Cat declawing: The battle lines are getting sharper

A stray cat kept sneaking into a police station in South Carolina and luckily, an officer grew attached and took him home. Sean Dowling (@seandowlingtv) has more.

Cats' claws are pitting animal rights activists against veterinarians in battles over legislation that would outlaw declawing of cats, except in the rare instances when it's medically necessary for the cat.

Veterinarians in four states are fighting against such bills, claiming that making the procedure illegal would push more owners to surrender their animals. The vets argue that people who have cats that they can't train to not scratch furniture or people will take the cats to shelters (or abandon them) if the option of declawing isn't available. The vets' position is that more homeless cats are a worse problem than more declawed cats.

According to the American Veterinary Medical Association (AVMA), vets should surgically remove a cat's claws only when other less drastic options such as behavioral modification fail or when scratching could pose a risk to humans with compromised immune systems. However, about 70 percent of vets in the US and Canada perform the operation. The AVMA says practitioners typically perform the procedure only once a month.

"The AVMA policy opposes declawing except where it serves to keep a cat in its home," said Michael San Filippo, a spokesman for the organization, which has more than 88,000 members. "An estimated 70 percent of cats relinquished to animal shelters are euthanized, so the likelihood of a homeless cat finding a new home is poor."

Veterinarians groups that are opposing bills now pending in New York, New Jersey, West Virginia and Rhode Island have taken positions that echo the AMVA's views.

But declawing has been a hot-button issue for years, and opponents of the practice claim that many of the AVMA's arguments justifying the procedure don't hold up.

According to Dr. Jennifer Conrad, a vet who founded an anti-declawing group called PawProject.org, declawing is a big money-maker for veterinarians and is performed more frequently than the AMVA suggests.

"There are vets who are making over $1,000 an hour doing that," she said. "And there are vets who have said things like 'it's my bread and butter.' There are vets who say they don't want to give it up because they can make serious money."

Declawing, or onychectomy, is major surgery that causes the animal pain "even if you use super-good analgesics," according to Dr. Carlo Siracusa, a professor at the University of Pennsylvania's School of Veterinary Medicine, who supports outlawing the practice.

"This procedure can cause chronic pain and not necessarily at the site of the surgery," Siracusa said, adding that studies have shown that declawed cats are "more at risk to bite people. 

The Society for the Prevention of Cruelty to Animals Los Angeles, which operates independently from the national ASPCA, hasn't seen an increase in homeless cats after Los Angeles became one of a handful of California cities that outlawed the procedure in 2010. The European Union, which outlawed the operation in 1986, hasn't seen a spike in abandoned cats either, said Siracusa.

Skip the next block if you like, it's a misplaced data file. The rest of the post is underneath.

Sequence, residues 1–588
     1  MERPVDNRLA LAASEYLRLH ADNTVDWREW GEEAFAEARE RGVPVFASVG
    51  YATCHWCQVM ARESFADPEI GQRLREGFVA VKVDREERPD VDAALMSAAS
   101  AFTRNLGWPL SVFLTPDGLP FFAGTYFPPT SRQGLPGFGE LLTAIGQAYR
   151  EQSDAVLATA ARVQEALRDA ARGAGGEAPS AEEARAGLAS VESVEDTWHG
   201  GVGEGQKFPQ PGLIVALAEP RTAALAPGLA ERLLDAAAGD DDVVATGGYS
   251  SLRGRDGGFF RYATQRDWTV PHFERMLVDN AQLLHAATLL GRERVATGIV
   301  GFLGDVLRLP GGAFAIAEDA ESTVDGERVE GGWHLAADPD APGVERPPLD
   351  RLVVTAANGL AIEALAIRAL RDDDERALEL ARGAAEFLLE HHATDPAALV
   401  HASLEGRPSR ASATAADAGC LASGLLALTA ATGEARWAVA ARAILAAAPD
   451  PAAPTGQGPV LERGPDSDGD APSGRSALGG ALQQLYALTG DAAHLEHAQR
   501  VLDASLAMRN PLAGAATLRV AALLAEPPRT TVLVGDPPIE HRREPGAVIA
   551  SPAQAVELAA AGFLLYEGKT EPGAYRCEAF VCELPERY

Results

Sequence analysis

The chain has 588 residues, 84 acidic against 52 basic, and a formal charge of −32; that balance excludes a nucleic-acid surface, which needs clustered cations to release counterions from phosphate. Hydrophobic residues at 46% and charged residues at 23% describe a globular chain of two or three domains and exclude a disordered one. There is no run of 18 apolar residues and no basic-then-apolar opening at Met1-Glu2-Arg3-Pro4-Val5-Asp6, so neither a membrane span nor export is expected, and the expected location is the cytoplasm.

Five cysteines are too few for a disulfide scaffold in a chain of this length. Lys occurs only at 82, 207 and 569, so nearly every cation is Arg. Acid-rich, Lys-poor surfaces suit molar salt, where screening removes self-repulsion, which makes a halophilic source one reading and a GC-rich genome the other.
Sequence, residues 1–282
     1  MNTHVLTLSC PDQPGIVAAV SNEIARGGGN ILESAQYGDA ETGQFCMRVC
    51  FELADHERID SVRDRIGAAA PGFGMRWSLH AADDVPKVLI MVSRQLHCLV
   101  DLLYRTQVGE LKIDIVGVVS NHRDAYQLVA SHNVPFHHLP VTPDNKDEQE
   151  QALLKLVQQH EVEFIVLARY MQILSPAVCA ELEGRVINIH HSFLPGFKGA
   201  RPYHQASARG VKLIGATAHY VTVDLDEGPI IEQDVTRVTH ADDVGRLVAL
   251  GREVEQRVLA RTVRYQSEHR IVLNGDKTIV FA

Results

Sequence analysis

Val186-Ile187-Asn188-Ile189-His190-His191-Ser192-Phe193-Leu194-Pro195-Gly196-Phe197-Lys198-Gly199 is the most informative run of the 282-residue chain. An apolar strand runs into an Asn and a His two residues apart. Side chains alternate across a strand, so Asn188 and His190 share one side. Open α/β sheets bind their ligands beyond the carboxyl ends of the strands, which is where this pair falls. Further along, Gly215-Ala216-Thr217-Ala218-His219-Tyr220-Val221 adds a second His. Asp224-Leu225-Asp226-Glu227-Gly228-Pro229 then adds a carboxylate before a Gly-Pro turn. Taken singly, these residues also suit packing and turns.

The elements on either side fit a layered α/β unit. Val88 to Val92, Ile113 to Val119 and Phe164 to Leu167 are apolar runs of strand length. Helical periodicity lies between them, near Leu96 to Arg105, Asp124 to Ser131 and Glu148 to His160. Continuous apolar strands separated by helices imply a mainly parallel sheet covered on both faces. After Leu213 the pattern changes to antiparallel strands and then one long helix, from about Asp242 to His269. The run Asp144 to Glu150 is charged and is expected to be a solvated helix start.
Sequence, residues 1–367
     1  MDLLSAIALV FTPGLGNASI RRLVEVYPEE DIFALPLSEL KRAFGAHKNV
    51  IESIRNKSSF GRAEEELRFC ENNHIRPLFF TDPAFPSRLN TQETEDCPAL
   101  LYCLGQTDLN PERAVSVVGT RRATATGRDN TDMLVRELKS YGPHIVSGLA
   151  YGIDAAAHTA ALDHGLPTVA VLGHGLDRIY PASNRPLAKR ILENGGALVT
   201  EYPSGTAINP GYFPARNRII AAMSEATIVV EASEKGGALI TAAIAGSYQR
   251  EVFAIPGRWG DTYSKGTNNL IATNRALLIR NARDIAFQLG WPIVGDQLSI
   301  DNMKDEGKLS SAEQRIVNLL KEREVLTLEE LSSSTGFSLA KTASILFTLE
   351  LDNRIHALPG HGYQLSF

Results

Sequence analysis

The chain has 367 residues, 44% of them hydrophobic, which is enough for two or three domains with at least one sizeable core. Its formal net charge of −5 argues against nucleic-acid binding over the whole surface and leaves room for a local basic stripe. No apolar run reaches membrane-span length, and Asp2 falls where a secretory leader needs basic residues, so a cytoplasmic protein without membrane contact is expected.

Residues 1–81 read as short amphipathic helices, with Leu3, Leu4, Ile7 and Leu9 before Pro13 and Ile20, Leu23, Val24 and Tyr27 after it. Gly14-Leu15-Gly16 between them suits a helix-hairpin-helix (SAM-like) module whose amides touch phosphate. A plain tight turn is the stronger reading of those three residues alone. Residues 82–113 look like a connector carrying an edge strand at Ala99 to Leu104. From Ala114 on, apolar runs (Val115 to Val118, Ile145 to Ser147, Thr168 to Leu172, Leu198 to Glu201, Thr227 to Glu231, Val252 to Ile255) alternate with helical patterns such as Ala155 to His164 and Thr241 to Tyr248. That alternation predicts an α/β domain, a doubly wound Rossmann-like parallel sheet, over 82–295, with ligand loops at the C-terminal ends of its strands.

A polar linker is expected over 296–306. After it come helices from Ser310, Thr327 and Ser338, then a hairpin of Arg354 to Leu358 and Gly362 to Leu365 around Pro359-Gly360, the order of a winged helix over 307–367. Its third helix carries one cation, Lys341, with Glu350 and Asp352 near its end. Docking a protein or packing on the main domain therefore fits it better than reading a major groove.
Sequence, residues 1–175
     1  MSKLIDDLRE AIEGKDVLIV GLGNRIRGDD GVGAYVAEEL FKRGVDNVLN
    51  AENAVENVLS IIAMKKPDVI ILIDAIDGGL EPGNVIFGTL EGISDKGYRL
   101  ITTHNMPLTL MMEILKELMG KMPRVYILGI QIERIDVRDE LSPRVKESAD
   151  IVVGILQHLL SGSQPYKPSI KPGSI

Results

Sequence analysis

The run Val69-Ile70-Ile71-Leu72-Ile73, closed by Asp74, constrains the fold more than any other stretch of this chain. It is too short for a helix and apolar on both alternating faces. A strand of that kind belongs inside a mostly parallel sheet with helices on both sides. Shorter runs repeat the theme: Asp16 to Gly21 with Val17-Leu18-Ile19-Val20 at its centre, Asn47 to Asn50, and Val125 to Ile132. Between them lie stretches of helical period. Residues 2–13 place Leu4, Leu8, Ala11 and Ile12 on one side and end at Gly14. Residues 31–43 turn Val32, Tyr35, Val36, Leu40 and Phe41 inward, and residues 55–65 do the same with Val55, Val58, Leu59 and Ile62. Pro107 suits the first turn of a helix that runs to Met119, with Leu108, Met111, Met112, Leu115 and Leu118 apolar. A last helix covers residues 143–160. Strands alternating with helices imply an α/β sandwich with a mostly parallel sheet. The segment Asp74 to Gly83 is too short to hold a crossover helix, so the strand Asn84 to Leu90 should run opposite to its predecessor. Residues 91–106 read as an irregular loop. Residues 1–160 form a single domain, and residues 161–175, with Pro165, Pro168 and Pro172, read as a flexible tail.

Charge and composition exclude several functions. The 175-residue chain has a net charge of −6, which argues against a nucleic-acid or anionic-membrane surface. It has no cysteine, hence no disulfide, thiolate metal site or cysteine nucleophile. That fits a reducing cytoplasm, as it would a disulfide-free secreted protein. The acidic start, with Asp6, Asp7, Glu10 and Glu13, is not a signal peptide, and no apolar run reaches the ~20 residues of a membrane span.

"There isn't enough peer-reviewed information nor evidence to conclude that banning declawing leads to an increase in homeless cats," said Siracusa. "Personally, I don't think it would, particularly if ... the ban would be paired with an education campaign for cat owners and veterinarians."

As for the potential harm to human health, declawing opponents note that the AIDS guidelines put out by the Centers for Disease Control and Prevention urge patients not to engage in "rough play" with cats -- but they specifically state "declawing is not advised." Hemophiliacs also aren't especially vulnerable to minor cuts like cat scratches, even though their blood-clotting ability is compromised, according to the National Hemophilia Foundation. Cancer patients can keep their cats, but need to take precautions against bites and scratches, according to The American Cancer Society.

In 2015, the AVMA canceled a contest to choose "America's Favorite Vet" after declawing opponents targeted on social media finalists who performed the procedure. The AVMA called it "cyber-bullying." Opponents called one contestant "a whore and a butcher" among other things. Others were targeted with negative reviews and threatening phone calls, according to the AVMA.

Activist Lori Shepler, who organized the protest, makes no apologies for her actions and argues that the AVMA's cyber-bullying claims are inflated.

"Two of the declawing vets stopped declawing after the contest was canceled because they said they were inspired by what I was doing," said Shepler. "They're my friends now and told me that they didn't have any cyber-bullying or negative reviews toward them during the contest." 

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